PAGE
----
Are your feet Marathon ready?

Are your feet Marathon ready?

If you are partaking in this year’s 41st edition of the Gold Coast Marathon, congratulations on your decision to join 28,000 other participants, of all ages and abilities from all over the world, in your endeavour to conquer the 42 km race.  Making it to the start line is an achievement in itself; with months of preparation required leading up to this point, you must ensure your feet are ready to go and do not let you down on race day.  

The Gold Coast Marathon, is renowned for its flat, fast and scenic course, and for you to be able to perform at your best and run your optimal race, whilst enjoying the beauty of the Gold Coast,  aside from an adequate training program and appropriate hydration and nutrition, here are our top 5 tips to keep your mind on the job and not on your aching feet.

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1.        Shoe Selection and Fit

Running shoe selection is an ever-evolving topic, hotly debated by runners, commentators and casual observers of runners across the globe. Having the right running shoe for you is crucial, sounds simple but there are so many factors to consider, including but not limited to running shoe history, previous injuries, preference in feel of the shoe (softer or firmer) fit (width, narrower, deep, shallow etc) heel height and the weight of the shoe. There’s no exact science to what the best shoe is, but rather what the best shoe for YOU is going to be.

A new pair of shoes for race week is not the answer, you need at least 200kms in a pair of shoes before race day to ensure you’ve had adequate time to appropriately wear in and adapt to the shoes to minimises any adaptation issues such as blisters.  Don’t be influenced by colours or gimmicks or because you’ve been told they’re the best marathon shoe money can buy.  If you are looking to change to a new shoe it is best advised to do so well in advance of your race day allowing enough time to trial and adapt to your new shoe.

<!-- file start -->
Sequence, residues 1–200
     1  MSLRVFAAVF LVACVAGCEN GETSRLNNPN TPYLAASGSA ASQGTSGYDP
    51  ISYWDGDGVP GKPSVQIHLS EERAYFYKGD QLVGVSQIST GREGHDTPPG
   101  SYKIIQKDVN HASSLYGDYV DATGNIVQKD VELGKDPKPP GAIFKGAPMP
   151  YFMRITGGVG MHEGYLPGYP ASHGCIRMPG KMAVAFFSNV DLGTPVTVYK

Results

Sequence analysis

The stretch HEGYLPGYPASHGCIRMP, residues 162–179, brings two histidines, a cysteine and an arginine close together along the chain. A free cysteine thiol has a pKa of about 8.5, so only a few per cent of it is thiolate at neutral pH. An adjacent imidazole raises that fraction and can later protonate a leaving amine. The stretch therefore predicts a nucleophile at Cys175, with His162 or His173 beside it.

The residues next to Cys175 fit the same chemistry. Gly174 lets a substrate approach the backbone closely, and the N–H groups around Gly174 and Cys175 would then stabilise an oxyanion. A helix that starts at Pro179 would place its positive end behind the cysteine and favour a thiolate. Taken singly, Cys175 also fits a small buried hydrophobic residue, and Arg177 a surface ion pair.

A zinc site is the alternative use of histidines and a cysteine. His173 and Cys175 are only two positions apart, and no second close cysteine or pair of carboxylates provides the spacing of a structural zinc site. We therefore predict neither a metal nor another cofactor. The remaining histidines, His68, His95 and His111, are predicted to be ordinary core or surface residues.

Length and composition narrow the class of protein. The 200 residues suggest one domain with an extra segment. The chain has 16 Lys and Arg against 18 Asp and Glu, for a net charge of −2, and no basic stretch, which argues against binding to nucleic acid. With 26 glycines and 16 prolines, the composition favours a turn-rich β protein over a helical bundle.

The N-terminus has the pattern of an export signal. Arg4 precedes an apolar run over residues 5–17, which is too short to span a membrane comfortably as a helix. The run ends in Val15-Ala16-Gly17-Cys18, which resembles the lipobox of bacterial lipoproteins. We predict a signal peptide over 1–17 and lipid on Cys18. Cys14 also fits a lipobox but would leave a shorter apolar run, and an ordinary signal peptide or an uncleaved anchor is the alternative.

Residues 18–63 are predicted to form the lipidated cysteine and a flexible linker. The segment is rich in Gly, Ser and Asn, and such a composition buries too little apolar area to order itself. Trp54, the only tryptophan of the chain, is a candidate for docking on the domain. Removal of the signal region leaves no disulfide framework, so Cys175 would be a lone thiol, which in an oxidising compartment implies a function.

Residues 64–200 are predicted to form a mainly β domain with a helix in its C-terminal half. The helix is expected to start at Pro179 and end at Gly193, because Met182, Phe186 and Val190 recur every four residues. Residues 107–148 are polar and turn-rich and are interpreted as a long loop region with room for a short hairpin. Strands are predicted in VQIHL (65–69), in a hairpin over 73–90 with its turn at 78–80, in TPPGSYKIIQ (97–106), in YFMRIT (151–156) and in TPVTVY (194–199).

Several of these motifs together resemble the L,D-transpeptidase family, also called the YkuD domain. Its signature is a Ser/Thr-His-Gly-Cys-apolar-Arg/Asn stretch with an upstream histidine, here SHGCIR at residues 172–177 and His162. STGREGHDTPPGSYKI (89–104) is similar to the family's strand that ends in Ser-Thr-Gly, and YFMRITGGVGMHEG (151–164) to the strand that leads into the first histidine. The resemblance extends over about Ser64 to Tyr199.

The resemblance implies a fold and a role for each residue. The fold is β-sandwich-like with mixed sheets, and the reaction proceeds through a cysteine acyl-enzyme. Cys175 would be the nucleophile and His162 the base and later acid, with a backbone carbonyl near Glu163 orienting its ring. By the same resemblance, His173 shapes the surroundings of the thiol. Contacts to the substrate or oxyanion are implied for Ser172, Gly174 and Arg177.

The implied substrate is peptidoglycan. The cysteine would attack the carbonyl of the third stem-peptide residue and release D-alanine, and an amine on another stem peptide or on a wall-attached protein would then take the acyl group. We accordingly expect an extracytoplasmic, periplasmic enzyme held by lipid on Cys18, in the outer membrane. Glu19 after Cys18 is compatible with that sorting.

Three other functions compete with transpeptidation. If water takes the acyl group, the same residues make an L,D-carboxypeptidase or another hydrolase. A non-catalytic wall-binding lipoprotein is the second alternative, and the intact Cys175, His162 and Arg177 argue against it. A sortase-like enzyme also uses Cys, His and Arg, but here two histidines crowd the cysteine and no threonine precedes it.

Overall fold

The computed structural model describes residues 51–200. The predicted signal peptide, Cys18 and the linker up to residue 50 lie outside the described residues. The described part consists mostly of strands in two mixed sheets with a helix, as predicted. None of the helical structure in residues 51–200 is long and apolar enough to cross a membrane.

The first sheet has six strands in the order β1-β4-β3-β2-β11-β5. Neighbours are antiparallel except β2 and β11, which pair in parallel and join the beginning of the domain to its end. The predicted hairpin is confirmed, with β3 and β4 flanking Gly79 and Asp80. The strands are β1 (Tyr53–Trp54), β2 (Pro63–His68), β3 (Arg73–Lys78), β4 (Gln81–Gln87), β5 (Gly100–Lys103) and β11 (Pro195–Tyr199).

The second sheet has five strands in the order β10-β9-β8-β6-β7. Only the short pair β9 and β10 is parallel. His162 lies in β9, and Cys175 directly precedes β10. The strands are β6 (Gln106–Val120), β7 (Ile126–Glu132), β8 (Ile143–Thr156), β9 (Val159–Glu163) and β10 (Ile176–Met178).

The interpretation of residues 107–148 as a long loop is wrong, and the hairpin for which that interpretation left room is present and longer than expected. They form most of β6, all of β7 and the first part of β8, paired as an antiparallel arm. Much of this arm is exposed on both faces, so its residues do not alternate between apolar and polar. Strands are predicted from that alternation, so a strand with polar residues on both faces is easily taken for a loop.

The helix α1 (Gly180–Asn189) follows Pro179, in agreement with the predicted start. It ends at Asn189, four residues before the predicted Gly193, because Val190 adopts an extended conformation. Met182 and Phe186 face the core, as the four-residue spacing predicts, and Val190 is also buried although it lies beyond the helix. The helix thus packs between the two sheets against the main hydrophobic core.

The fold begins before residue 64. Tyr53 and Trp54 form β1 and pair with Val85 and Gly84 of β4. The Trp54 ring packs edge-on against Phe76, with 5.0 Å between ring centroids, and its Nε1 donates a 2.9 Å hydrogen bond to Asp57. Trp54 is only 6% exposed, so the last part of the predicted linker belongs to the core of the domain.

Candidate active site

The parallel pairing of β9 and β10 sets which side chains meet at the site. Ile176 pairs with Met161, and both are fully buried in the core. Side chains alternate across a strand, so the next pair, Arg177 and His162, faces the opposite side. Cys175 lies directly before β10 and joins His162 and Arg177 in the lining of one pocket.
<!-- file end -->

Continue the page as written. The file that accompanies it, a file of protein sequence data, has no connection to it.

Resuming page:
2.       Sock Selection and Fit

Socks, for many runners are an afterthought, grabbing the first pair they see from the drawer as they rush out the door, be warned now, overlook this at your own peril.  Your sock choice is almost as important as your shoe choice, with the best running socks being lightweight and breathable made from water-resistant materials that wick away moisture and reduce undue friction that may lead to blisters.  Some socks are also anatomically fitted, having a left and right sock will improve the fit and decrease the chance of bunching or rubbing from your socks.

Bear in mind that you will have to test your socks with your running shoes, and like your shoes purchase them in advance of race day and wear them in for best results.

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3.       Nail and Skin Care

General maintenance and foot care can be beneficial during training to help reduce the build-up of callous, maintain your nails and monitor for things like blisters with regular podiatry visits.

Often runners find their toenails become black and bruised after long runs. This is due to repetitive micro trauma to your toenails. This can result from a number of factors; your nails may be too long, your shoes may be too small causing your toe to hit the end of your shoe or your shoes may be too big causing your toes to claw in order to hold the shoe on your foot. This can be avoided by ensuring your nails are appropriately trimmed and footwear is fitted correctly.  


If you’re developing cracks on your feet, or you have areas of dry skin, apply regular moisturiser to your feet to keep them feeling supple and soft, to help maintain them during training and prior to race day, with your goal being that your feet are in the best shape possible when you line up on race day.

4.       Avoid Fungus (Athletes Foot)

Moisture, while essential for your skin, should be avoided when it comes to your shoes and socks. If your shoes have become wet during training, make sure they are fully dry before you wear them again.  Athlete’s foot is a painful infection causing itchiness, redness, and blistering of the toes and soles of the feet. After your runs dry your feet well, spread your toes so that the air and sun can get to them as having damp feet may promote the development of infection.

5.       Don’t Try Anything New on Race Day

Stick to your race plan, and do not try anything new on race day, as this is likely to do more harm than good.  Having completed you training in the lead up to the marathon has prepared you well to complete the 42-kilometre course.  A sudden change away from your training plan or to new equipment, whether that be shoes, socks, clothing or hydration and nutrition will most certainly have a negative impact on your race.

The last words of advice, are to enjoy the day and celebrate your achievement, trust that you have done the hard work to get to the start line and that race day is the best part.  If you have any questions or queries, it is never too late to consult one of our professional podiatrists at Gold Coast Foot Centres.